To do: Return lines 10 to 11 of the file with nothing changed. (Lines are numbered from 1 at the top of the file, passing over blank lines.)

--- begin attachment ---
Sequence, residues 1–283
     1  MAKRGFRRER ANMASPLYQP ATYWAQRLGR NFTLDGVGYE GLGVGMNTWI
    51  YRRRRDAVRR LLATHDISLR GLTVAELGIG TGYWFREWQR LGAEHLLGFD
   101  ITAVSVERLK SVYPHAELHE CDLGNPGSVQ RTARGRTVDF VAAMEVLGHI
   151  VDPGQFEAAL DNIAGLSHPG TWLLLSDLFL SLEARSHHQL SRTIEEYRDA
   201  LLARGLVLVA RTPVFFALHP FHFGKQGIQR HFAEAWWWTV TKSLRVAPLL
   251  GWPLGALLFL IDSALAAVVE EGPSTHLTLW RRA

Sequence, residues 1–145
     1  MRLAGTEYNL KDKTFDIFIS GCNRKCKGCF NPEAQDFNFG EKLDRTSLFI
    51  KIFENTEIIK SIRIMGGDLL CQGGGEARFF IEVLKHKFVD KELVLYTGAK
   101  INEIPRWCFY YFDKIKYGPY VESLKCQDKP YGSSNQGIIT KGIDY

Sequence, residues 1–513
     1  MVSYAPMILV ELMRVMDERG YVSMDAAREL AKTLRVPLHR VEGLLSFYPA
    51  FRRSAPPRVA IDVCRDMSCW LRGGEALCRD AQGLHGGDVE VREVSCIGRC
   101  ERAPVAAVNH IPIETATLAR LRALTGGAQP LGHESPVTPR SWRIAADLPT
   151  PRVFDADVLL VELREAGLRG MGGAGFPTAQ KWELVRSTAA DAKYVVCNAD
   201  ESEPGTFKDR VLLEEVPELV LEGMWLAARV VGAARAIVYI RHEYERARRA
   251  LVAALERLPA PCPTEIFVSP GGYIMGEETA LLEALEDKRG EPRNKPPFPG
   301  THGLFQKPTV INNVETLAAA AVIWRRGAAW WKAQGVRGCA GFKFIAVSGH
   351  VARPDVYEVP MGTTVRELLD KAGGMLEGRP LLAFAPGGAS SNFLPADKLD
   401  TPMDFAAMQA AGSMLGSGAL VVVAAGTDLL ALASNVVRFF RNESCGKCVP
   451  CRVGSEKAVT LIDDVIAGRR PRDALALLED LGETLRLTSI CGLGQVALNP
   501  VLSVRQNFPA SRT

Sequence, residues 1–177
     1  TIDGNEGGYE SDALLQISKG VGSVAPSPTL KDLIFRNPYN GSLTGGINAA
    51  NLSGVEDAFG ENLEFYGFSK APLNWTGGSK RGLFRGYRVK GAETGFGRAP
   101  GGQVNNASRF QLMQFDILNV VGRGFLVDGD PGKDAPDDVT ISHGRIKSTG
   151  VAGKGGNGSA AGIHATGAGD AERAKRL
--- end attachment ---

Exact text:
    51  KIFENTEIIK SIRIMGGDLL CQGGGEARFF IEVLKHKFVD KELVLYTGAK
   101  INEIPRWCFY YFDKIKYGPY VESLKCQDKP YGSSNQGIIT KGIDY